August Jobs Tumble To Only 142K, Lowest Monthly Print Of 2014 And Below Lowest Forecast; Unemployment Rate 6.1%

So much for the latest recovery: with not a single analyst expecting a NFP print below 190K, the BLS just reported that August payrolls tumbled from a revised 212K to only 142K, which was not only below the lowest Wall Street estimate of 190K, but it was also the the lowest monthly jobs print in all of 2014 and the biggest miss to expectations since the “polar vortex”! The Unemployment rate dripped modestly from 6.2% to 6.1% confirming yet again it has become a completely meaningless metric.

This post was published at Zero Hedge on 09/05/2014.

Goldman Sachs is the world’s worst gold forecaster so go long when they say short

Thank you to our friends in the London gold trading community for reminding us this summer that Goldman Sachs has one of the worst records as a forecaster of the gold price, so when they say to short gold like today it is almost always a time to go long.
The Ukraine-Russia crisis and economic weakness in Europe and Japan have been supporting gold somewhat, but prices are being pressured by Federal Reserve policy, said Jeffrey Currie, head of commodities research at Goldman Sachs. That’s why he sees the precious metal falling 17 per cent from current levels by year end.

This post was published at Arabian Money on 04 September 2014.

The Truth About Where Gold Price Is Headed

I will be honest, it has been a long time since I have been excited about gold, but I am starting to like gold once again. I had grown too bored to care what gold did. With the bull market top in 2011, and four years later price continues to founder can you blame me?
Let me start out by painting a picture for you. This is my technical analysis overlaid on the price of gold. This simply gives you a visual of were the price of gold is trading.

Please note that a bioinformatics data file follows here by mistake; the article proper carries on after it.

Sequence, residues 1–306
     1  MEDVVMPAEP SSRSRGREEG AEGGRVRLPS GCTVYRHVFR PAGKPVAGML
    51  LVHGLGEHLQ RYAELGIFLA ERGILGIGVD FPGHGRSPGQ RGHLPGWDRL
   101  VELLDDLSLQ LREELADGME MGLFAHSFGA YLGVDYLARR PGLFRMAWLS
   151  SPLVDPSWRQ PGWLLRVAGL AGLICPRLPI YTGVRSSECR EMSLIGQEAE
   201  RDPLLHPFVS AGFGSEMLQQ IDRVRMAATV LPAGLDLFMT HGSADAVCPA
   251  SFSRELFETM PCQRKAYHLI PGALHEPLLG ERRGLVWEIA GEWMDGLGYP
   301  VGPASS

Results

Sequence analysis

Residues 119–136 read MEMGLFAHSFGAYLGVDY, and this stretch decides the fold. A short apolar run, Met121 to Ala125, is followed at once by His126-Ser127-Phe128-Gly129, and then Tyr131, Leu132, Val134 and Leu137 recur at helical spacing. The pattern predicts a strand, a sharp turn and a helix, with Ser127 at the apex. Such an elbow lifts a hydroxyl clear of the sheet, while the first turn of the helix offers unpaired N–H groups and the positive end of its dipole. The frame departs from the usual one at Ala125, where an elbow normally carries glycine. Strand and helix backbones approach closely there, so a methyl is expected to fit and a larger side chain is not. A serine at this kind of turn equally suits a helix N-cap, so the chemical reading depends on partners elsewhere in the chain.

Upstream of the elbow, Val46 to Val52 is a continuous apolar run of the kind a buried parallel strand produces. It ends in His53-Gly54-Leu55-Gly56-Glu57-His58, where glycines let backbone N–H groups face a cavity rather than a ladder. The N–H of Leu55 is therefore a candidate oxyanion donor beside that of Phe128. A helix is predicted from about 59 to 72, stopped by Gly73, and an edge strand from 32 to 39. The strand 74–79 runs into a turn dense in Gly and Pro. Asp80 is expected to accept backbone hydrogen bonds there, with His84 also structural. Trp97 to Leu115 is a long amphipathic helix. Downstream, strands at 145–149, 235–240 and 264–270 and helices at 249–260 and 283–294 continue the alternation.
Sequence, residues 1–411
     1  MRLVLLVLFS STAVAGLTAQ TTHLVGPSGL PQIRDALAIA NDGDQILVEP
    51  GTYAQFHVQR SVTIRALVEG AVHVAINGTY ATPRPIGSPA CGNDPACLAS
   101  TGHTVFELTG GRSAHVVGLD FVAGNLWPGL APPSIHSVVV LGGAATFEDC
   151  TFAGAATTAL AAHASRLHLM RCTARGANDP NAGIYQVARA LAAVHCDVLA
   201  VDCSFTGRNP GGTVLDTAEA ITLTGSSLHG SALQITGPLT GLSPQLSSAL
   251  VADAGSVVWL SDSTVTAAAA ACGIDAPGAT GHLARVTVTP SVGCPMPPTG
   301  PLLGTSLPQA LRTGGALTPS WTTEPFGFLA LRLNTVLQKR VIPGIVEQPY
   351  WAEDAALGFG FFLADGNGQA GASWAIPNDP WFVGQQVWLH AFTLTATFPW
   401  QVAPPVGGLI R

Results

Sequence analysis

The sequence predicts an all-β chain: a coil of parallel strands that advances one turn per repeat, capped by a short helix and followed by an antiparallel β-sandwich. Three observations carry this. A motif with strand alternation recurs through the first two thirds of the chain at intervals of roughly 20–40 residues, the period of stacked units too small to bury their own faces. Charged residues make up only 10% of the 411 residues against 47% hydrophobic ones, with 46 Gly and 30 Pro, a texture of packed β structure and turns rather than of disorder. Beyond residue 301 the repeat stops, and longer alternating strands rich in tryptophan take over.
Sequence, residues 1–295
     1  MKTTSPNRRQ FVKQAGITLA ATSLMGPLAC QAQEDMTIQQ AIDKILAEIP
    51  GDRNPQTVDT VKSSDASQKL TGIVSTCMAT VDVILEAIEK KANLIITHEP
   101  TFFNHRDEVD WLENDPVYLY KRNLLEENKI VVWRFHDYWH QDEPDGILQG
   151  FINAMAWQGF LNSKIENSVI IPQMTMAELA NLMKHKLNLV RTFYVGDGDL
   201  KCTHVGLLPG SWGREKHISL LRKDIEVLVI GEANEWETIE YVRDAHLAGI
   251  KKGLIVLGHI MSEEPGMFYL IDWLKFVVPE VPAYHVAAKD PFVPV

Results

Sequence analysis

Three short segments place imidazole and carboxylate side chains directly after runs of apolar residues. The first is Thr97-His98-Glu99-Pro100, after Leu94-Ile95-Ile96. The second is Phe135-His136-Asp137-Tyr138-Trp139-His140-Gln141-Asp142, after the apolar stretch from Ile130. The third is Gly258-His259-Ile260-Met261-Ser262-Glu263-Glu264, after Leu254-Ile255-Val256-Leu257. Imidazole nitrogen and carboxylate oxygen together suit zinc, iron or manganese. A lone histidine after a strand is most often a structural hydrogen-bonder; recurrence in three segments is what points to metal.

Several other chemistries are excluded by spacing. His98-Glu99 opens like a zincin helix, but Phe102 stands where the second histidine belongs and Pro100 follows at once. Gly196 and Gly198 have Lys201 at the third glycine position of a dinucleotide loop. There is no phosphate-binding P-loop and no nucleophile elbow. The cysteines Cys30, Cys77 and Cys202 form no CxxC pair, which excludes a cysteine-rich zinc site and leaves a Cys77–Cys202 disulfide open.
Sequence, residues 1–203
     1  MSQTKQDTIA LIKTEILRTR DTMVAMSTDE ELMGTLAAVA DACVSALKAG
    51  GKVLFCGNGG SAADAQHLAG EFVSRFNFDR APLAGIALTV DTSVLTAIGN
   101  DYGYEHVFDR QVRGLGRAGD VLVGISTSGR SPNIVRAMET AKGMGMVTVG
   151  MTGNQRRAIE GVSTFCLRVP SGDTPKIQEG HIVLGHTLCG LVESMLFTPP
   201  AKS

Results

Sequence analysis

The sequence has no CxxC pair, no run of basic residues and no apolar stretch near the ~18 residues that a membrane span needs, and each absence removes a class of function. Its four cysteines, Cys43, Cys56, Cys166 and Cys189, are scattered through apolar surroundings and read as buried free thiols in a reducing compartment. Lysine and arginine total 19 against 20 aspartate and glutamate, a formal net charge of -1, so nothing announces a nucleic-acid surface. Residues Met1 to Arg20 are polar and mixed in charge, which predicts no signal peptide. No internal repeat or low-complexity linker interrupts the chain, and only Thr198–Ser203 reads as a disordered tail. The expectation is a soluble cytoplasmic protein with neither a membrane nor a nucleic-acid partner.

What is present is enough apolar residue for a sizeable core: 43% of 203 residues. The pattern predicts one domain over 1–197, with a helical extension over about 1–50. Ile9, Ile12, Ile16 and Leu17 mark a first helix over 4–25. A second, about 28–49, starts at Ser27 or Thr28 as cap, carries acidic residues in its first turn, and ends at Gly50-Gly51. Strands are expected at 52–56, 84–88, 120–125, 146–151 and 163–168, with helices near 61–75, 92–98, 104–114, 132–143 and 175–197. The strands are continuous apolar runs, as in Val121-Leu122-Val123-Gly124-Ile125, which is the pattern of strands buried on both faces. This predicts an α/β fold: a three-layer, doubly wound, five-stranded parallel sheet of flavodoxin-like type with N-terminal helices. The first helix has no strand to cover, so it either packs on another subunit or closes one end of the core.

But first, if you have not yet seen this ‘Gold in the USA’ infographic you must check it out… it shows the history of gold in a visual format, and you will likely learn something from it – Click Here
GOLD HOLDS LONG-TERM BEARISH PATTERN Gold peaked around 1900 in September 2011 and quickly fell to the 1550 area. The metal then consolidated for 18 months before it broke support. The sharp decline triggered a drop in price to $1200 in April 2013. Since then gold has been in another consolidation, which is a bearish continuation pattern.
The lower highs in 2013 and 2014 reflect weakening demand and increasing selling pressure at lower price levels. A break down in price below support would trigger further weakness and a drop to roughly $900 oz. If you want more of a bearish visual; see my August gold report – Click Here

This post was published at Gold-Eagle on September 4, 2014.

A difficult question

In a radio interview recently* I was asked a question to which I could not easily give a satisfactory reply: if the gold market is rigged, why does it matter? I have no problem delivering a comprehensive answer based on a sound aprioristic analysis of how rigging markets distorts the basis of economic calculation and why a properly functioning gold market is central to all other financial prices. The difficulty is in answering the question in terms the listeners understand, bearing in mind I was told to assume they have very little comprehension of finance or economics.